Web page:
The Defense and Veterans Affairs departments are making progress on integrating the health records of service members and veterans, senior government officials told the House Veterans Affairs Committee Feb. 27.
President Barack Obama directed the two departments to create a seamless system of integration for medical records.
ìThe direction was clear: When a member of the armed forces separates from the military, their electronic records, medical, personnel and benefits will transition and remain with them forever,î said Dr. Jonathan Woodson, assistant secretary of defense for health affairs.
Woodson detailed the tasks the two departments need to complete. First, they need to integrate health data for individuals into a single electronic health record. Second, they need to modernize the departmentsí legacy health information systems.
ìWe have made tangible progress on a number of critical elements necessary to achieve our vision on the integrated record,î Woodson said. This includes creating a joint health data dictionary, ensuring the two departments use the same precise language to describe health data elements and fields in the combined health record system.
It also means moving VA data centers to the Defense Information System Agency. Woodson called this an important step for efficiency in operations and creating a single repository of data. The two departments also selected a single DOD-VA joint single sign-on and contact management solution that accurately identifies clients in both systems, he reported.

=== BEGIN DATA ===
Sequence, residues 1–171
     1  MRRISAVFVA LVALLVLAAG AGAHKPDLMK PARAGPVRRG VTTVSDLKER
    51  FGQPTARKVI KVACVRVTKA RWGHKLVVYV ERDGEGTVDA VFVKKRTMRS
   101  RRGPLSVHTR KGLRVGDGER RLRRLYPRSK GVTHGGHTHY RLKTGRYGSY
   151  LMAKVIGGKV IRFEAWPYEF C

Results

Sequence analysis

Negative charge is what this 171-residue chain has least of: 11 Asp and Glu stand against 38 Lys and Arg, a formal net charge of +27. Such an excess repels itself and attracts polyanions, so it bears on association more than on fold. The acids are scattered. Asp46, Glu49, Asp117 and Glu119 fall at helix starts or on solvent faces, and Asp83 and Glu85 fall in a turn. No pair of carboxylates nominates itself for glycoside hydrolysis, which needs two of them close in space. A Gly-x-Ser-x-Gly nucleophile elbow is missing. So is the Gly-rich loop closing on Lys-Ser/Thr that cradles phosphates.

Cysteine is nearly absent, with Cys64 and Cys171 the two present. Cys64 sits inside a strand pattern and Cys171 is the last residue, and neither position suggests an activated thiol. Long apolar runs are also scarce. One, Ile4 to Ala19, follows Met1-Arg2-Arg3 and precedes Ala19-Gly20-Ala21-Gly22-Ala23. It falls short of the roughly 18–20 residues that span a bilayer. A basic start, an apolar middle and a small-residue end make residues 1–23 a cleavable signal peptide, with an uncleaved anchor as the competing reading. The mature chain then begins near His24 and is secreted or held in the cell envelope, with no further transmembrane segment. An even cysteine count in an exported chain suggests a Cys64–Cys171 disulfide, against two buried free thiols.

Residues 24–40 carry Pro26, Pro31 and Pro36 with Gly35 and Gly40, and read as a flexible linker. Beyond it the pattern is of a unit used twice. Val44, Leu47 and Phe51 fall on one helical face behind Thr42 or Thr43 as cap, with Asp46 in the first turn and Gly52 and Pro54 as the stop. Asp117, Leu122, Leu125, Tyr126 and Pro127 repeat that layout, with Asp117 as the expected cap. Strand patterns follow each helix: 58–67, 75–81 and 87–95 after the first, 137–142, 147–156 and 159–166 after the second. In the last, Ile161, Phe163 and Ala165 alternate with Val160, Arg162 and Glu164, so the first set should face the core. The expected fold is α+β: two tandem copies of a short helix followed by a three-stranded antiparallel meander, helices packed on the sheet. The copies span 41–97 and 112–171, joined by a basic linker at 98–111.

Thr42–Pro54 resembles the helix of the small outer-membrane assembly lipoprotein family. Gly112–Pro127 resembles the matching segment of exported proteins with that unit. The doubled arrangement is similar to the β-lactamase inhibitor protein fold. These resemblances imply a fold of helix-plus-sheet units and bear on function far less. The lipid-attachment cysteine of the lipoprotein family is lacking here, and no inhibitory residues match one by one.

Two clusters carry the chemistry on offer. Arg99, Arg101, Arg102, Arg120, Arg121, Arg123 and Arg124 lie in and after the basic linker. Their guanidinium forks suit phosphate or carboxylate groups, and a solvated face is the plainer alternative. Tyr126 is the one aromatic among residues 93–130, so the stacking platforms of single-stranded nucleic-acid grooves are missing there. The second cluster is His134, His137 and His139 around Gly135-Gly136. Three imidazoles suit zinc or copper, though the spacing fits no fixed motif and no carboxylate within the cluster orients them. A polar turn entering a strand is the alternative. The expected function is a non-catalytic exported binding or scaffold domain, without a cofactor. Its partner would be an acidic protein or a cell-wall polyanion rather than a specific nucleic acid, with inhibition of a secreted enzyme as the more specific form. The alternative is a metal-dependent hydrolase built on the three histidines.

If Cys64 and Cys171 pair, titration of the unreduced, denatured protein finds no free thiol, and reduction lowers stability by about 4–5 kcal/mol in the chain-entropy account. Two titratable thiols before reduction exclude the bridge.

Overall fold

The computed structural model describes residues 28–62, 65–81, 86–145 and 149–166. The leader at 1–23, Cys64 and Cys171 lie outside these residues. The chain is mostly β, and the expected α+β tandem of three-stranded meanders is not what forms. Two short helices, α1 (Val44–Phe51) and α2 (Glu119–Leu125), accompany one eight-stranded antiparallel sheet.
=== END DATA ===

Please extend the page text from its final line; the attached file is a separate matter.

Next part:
Finally, Woodson said, the two Cabinet agencies are implementing a joint graphical user interface that displays information from both the DOD and VA systems at the same time.
We also completed an initial life-cycle cost estimate for the integrated electronic health record, Woodson said. The cost estimate was significant. And given the increasingly constrained federal budget environment, our secretary has directed us to re-evaluate the planned approach and consider alternatives that could accelerate timelines for interoperability at reduced cost and reduced risk.
The scope of this project is huge. Valerie C. Melvin, the Government Accounting Officeís director of information management and technology resources issues, said the records are projected to provide coverage to about 9.6 million service members and their beneficiaries and to 6.3 million veterans.
VA’s and DOD’s systems have many common business needs for providing health care coverage to these individuals, Melvin told the representatives. Toward this end, the two departments have an extensive history of working to achieve shared health care resources. Our work has examined the departmentsí efforts over the last 15 years to share data between their individual systems and to develop interoperable electronic health record capabilities.
They have made progress, but problems remain, she acknowledged. Overall, VA and DOD have relied on a patchwork of initiatives involving their separate health information systems to achieve varying degrees of electronic health record interoperability, Melvin said.
Circumstances require decisive action, Woodson said, and delay would only increase the cost and risk of this program.
We believe the path we have chosen best serves the departments, the special populations whom we jointly are responsible for, and the American taxpayer,î he said.